A Letter from John von Neumann
Plans to standardize and publish codes of various groups have been made in the past, and they have not been very successful so far. The difficulty is that most people who have been active in this field seem to believe that it is easier to write a new code than to understand an old one. This is probably exaggerated, but it is certainly true that the process of understanding a code practically involves redoing it de novo. The situation is not very unlike the one which existed in formal logics over a long initial period, where every new author invented a new symbolism. It took several decades until a few of these found wider acceptance, at least within limited groups. In the case of computing machine codes, the situation is even more difficult, since all logics refer, at least ideally, to the same substratum, whereas the machine codes frequently refer to physically different machines.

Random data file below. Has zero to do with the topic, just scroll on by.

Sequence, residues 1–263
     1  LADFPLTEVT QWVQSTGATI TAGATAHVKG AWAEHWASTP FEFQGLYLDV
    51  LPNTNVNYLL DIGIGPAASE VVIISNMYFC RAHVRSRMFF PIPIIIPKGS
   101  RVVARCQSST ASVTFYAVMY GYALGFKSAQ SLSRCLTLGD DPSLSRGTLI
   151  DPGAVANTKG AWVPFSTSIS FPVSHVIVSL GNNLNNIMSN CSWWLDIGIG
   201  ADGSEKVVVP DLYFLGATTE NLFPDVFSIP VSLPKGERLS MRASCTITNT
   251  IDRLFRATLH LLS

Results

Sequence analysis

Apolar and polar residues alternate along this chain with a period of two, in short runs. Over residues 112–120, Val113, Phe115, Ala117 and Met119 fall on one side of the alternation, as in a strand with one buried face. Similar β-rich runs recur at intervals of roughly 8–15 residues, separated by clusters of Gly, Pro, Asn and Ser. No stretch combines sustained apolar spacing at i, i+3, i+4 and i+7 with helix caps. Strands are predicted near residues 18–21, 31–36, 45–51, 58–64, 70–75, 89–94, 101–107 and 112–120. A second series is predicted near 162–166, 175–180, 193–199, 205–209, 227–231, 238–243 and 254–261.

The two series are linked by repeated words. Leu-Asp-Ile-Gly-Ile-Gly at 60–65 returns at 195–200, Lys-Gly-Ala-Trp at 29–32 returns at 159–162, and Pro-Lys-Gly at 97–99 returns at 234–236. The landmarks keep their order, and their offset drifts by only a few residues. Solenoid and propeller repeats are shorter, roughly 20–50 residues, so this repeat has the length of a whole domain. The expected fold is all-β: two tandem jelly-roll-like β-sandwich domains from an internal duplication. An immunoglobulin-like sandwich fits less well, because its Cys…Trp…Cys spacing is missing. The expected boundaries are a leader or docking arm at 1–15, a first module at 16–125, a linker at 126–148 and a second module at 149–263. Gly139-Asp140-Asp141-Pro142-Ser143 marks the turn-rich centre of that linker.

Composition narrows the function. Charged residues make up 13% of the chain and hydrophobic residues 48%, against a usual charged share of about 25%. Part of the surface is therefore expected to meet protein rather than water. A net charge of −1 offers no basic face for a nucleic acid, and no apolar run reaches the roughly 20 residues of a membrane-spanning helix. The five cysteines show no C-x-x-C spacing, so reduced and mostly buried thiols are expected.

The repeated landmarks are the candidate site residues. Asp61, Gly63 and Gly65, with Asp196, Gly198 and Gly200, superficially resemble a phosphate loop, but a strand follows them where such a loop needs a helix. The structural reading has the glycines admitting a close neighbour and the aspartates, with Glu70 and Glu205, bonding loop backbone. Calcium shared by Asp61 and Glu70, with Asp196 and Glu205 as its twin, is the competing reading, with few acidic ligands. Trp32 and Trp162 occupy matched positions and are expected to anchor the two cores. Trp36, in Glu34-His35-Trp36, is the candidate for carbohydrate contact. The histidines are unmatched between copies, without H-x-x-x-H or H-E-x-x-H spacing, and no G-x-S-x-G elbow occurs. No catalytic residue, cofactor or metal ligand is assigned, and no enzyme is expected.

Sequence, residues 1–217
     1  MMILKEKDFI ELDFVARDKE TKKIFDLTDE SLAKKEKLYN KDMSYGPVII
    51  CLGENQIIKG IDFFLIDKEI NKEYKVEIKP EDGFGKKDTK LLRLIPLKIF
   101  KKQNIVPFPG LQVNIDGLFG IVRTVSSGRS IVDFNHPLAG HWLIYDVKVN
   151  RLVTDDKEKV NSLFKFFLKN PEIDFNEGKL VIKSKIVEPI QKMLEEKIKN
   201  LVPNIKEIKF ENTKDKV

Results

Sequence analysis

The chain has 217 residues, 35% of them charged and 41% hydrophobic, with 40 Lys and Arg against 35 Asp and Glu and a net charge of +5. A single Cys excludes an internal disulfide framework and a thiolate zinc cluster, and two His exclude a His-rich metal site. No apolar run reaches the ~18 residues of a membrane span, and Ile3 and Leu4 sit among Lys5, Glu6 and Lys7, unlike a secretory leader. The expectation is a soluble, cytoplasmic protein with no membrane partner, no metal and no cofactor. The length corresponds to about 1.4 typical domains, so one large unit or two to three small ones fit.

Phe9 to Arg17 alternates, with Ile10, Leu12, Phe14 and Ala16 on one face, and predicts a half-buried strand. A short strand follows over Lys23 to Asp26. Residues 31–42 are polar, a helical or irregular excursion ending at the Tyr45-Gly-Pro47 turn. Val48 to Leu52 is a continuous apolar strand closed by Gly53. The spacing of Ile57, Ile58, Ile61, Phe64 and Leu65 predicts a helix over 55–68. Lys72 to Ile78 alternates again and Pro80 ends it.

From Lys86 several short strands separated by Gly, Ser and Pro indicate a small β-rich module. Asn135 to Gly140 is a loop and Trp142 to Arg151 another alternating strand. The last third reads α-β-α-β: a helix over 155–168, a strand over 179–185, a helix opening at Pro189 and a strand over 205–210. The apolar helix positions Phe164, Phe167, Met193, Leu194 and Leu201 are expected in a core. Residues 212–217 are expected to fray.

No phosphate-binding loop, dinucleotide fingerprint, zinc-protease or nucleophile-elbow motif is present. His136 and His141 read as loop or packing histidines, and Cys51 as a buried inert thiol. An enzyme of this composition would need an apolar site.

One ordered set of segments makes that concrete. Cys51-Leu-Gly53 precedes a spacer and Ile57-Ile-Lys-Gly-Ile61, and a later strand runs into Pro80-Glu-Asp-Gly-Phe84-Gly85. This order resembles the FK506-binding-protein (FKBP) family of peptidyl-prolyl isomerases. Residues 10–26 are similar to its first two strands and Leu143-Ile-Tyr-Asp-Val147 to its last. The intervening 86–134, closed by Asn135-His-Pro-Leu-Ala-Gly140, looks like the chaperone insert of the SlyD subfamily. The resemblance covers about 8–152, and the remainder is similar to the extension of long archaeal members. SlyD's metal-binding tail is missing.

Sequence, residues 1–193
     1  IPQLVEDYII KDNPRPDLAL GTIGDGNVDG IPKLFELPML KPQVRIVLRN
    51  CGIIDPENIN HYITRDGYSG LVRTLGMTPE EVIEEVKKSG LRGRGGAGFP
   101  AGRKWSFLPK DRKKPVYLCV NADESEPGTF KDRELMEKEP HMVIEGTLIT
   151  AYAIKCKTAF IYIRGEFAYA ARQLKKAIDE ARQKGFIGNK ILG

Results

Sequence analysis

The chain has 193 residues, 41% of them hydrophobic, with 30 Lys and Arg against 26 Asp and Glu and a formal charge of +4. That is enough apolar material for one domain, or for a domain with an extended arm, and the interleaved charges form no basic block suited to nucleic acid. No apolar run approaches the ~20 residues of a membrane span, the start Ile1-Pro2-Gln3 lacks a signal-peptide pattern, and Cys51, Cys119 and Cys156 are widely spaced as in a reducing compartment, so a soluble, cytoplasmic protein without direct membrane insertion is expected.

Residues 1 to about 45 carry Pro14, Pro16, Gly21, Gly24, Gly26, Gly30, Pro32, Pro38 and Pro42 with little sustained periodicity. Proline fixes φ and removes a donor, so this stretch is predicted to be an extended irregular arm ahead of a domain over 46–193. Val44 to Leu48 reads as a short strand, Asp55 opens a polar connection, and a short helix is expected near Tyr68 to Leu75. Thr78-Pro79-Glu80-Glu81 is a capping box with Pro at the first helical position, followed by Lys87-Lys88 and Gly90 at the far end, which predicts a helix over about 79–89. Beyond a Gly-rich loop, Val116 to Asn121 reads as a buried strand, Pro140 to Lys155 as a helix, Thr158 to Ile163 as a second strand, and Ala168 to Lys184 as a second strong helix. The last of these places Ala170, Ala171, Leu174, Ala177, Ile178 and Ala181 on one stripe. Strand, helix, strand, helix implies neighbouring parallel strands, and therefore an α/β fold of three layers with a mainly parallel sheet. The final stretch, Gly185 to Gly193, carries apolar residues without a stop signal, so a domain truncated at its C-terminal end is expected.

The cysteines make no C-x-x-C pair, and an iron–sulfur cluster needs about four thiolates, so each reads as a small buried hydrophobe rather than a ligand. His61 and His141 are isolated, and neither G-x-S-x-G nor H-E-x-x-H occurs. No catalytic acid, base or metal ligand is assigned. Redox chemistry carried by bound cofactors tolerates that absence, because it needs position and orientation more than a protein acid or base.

I think, nevertheless, that if a competent mathematician...is interested in working on this problem, he ought to be encouraged. The task may turn out to be a thankless one, but it is always possible that a competent and energetic man will in the end come up with something useful. My personal doubts are limited to the near future, and even if it will take a non-trivial number of years to produce something, there is no harm in starting early.
— John von Neumann, in a letter to Marston Morse, April 23, 1952